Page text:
TODAY'S PAPER
Good Evening
Good Evening
SportsFootballJets

Mekhi Becton throwing his weight (370) around, and Jets are impressed

Mekhi Becton  of the New York Jets

Mekhi Becton  of the New York Jets runs drills at training camp on August 14, 2020 in Florham Park, New Jersey. Credit: Getty Images/Mike Stobe

FLORHAM PARK, N.J. — The first thing everyone notices and talks about with Mekhi Becton is his size. The Jets’ 6-7, 370-pound rookie left tackle is used to it, but he hasn’t always liked it.

“I’ve been hearing it since I’ve been little,” Becton said after practice Tuesday. “It’s nothing new. I’m used to it. I embrace it now. I like hearing that I’m big. I embrace it.”

Becton said it took him a little while to embrace always being the biggest kid on the block or in the class or on the field. He said he was “insecure” when he was younger.

“It was always I’m getting talked about because I’m the biggest kid, I’m bigger than normal,” Becton said. “I was always getting talked about. It is what it is. At the time, for example if I was going in the pool, I would wear a tank top instead of no shirt on. That’s what I mean by insecure. That’s what I used to do. But now I fully embrace it now.”

That size helped Becton become a dominant force in college that he and the Jets hope translates to the NFL. Everyone at Jets camp is talking about Becton, the No. 11 pick out of Louisville, but it’s not just his size. It’s how athletic he is, how strong he is and how good he can become.

“It’s rare when you see a 370-pound guy move the way he does,” coach Adam Gase said. “When other players talk about his size, his length, his strength, that’s when you know it’s real. It’s not something that a coach or scout is talking about, height-weight-speed measurement type thing. He applies it to the field.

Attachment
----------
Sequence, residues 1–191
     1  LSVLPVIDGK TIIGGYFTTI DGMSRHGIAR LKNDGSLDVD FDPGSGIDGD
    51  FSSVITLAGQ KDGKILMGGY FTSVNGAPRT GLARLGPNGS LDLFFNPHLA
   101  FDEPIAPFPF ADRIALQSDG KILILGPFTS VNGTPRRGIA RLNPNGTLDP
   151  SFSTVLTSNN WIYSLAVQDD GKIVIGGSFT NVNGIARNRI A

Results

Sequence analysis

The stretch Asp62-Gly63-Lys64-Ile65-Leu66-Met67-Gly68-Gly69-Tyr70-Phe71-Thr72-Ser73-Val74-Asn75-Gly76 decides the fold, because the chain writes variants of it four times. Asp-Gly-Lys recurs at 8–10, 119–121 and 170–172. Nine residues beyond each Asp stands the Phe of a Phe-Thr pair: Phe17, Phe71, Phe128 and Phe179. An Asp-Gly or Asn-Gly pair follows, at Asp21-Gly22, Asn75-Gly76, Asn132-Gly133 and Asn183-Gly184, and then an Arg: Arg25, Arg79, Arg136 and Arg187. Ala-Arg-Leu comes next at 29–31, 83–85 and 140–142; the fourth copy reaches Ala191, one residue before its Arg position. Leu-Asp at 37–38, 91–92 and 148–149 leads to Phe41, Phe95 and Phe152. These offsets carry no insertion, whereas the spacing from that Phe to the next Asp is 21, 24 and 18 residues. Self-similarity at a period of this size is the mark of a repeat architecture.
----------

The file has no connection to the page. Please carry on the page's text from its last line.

“It’s difficult for guys to figure out how to rush him in the passing game. And in the run game, it’s hard to move him back. You don’t see much penetration. That line flattens out pretty fast. The longer that he goes through this training camp, the better he’s going to get.”

Becton has had some rookie moments. Veteran outside linebacker Jordan Jenkins got past him pretty quickly during team drills with an inside move on Monday. But later that practice, Becton was pulling on a run play and pancaked linebacker Neville Hewitt a few yards downfield.

“It felt good,” Becton said. “It felt really good because I haven’t been able to do that in a while.”

Becton said he’s missed being able to actually use his size on the football field and knock people around. Teams weren’t permitted to practice against each other until late last week because of COVID-19. The Jets have had only one practice with pads, and that was Monday.

“I’ve been able to hit people,” he said. “I haven’t been able to hit a person in a while so it’s been great.”

Becton is a big part of the Jets’ revamped offensive line, and he will be protecting Sam Darnold’s blind side. Becton said the biggest thing he needs to work on is his blocking technique. He’s been leaning on left guard Alex Lewis and right tackle George Fant for advice and help.

The Jets have been impressed with Becton’s knowledge of the playbook. Without an actual offseason program, everything was virtual. But it’s clear to the Jets that Becton did plenty of studying before his first NFL training camp.

“He’s clearly hit the book all summer long,” offensive line coach Frank Pollack said. “He’s hit the ground running since he’s been here.”

But Pollack said Becton needs to work on his conditioning, and get his weight down a little. Becton said that’s his goal as well.

“This is definitely not the best shape I’ve been in,” he said. “I’m 370 now. I definitely want to be lower. I’m definitely working to get lower. I’m still trying to get into my best shape.”

New York Sports